Few cities do pop-up parks better than Philadelphia. That was certainly the case this summer with the hugely popular Spruce Street Harbor Park, which transformed an under-utilized site along the Delaware River into a colorful and dynamic waterside retreat. As that project closes, and the site is transformed into the Waterfront Winterfest, plans have been unveiled for the city’s latest pop-up public space: Frankford Pause—or, as it has been dubbed, “The Pink Park.”
When it opens next spring, the hot pink space will occupy a vacant lot that is directly adjacent to an elevated rail station. Instead of trying to dampen the noise of trains rattling by, the designers created a space that is entirely in reaction to it: Frankford Pause is shaped like a megaphone with angled pink loops and strung-up lights that respond to the sounds of passing trains.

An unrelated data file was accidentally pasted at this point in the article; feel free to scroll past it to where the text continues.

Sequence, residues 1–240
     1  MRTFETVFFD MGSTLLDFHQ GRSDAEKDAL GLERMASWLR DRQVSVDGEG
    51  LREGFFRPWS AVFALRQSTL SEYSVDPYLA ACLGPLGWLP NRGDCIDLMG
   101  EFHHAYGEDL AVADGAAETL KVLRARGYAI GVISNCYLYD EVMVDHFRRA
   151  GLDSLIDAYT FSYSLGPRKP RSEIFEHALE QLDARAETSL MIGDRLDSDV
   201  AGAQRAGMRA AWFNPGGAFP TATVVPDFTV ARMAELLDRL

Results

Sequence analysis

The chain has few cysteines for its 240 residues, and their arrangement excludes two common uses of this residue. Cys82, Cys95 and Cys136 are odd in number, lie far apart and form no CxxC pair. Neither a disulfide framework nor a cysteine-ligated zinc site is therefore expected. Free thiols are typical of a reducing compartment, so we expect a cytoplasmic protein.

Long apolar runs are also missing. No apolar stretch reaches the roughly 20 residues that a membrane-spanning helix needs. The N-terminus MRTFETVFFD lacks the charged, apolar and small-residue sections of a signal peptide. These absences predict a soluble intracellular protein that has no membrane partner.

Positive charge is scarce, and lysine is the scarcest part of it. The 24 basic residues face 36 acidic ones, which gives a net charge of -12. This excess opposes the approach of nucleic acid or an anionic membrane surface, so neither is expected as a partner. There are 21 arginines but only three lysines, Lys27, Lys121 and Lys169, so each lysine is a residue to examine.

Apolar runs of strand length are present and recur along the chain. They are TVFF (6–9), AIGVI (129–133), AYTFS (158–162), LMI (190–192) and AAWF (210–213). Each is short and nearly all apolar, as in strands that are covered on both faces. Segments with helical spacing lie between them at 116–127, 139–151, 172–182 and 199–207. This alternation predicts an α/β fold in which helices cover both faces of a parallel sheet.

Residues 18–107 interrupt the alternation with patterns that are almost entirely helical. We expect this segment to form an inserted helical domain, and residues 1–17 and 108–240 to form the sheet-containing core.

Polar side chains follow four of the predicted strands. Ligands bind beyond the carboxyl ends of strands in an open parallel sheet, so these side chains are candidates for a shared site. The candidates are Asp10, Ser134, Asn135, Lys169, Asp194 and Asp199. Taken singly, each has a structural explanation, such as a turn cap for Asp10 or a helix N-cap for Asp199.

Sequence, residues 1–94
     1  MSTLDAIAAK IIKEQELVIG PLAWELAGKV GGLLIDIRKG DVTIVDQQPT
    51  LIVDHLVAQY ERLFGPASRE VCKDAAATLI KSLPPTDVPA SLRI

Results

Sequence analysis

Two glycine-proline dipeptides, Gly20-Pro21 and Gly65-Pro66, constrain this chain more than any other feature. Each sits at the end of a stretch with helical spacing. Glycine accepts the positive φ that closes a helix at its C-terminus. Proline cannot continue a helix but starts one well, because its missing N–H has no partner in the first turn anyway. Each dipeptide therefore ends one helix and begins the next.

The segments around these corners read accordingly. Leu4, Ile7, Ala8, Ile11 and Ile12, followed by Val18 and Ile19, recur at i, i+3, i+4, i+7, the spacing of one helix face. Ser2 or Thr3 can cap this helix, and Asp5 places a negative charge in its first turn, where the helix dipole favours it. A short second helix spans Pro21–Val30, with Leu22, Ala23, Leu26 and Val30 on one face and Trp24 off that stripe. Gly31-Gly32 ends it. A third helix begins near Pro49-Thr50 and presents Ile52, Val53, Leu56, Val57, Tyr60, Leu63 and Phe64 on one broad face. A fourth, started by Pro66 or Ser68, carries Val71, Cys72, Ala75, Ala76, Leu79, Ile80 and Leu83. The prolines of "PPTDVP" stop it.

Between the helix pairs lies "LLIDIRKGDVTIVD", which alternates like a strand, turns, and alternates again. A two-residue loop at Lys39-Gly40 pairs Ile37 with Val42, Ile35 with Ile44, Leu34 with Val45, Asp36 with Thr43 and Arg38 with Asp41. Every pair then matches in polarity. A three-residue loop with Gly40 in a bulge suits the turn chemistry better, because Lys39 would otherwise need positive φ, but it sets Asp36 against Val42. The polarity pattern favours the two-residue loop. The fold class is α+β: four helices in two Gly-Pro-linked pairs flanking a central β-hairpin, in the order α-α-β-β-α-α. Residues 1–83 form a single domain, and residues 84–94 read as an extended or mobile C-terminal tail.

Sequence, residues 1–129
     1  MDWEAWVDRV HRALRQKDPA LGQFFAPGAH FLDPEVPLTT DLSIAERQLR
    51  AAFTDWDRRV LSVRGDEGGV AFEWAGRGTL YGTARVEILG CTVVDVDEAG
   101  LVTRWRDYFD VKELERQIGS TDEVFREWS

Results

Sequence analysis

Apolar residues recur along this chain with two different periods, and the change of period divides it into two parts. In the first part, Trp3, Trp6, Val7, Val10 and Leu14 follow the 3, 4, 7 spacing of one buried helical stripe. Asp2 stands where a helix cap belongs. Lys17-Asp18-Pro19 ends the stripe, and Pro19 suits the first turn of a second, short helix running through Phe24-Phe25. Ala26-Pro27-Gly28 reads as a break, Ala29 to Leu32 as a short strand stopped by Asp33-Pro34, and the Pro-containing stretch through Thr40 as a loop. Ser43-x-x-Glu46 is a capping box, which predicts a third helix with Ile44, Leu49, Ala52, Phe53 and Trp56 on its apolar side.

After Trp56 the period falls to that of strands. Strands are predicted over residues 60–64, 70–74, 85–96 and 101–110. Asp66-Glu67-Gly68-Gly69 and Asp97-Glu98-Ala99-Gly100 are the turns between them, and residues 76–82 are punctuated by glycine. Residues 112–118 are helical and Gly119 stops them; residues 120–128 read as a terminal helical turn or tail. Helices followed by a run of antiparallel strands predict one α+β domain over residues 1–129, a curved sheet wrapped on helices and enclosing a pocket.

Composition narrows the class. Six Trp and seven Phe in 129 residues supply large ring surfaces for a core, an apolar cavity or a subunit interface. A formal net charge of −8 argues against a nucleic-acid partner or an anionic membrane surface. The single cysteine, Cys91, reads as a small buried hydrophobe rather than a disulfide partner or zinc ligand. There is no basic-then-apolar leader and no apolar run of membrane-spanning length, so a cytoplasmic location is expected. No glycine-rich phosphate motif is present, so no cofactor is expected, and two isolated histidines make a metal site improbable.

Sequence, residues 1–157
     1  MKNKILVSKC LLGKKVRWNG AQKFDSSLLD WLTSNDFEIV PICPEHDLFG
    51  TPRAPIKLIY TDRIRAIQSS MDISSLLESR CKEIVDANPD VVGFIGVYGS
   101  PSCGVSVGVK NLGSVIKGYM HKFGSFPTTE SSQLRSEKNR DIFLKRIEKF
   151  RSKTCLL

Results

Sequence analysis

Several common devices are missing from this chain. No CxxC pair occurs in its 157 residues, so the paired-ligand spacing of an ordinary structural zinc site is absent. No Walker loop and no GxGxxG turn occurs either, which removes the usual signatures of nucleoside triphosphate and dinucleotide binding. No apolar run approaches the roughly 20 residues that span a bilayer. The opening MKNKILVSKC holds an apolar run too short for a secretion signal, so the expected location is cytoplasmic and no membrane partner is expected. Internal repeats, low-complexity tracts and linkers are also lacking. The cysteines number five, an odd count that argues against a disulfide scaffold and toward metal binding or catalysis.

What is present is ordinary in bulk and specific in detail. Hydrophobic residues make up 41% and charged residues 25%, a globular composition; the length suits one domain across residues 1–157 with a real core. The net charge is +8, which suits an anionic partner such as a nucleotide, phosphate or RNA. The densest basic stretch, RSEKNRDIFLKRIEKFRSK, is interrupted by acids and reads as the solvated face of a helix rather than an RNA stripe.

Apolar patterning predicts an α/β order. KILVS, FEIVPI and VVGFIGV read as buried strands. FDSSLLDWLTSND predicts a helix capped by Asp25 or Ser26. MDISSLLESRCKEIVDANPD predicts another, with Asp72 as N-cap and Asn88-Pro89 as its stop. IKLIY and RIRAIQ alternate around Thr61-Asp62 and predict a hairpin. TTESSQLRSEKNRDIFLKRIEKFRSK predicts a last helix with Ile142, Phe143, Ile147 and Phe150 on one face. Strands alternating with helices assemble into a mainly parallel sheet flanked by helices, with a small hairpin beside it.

The park is intended to be a flexible space that can host concerts, art shows, movie screenings, markets, and other cultural events. To accommodate this mix of programming, there are plywood platforms and moveable cubes wrapped in artificial pink turf. Destination Frankford, the arts-based initiative behind placemaking projects in the neighborhood, explained that the Pause is also designed to be low-maintenance so it can easily be kept up if it ever graduates beyond temporary status.
The park was designed by the Community Design Collaborative, which was led by architect Alexa Bosse and her husband, landscape architect, Ari Miller. It received a grant from ArtPlace America and funding from multiple foundations, agencies, and banks.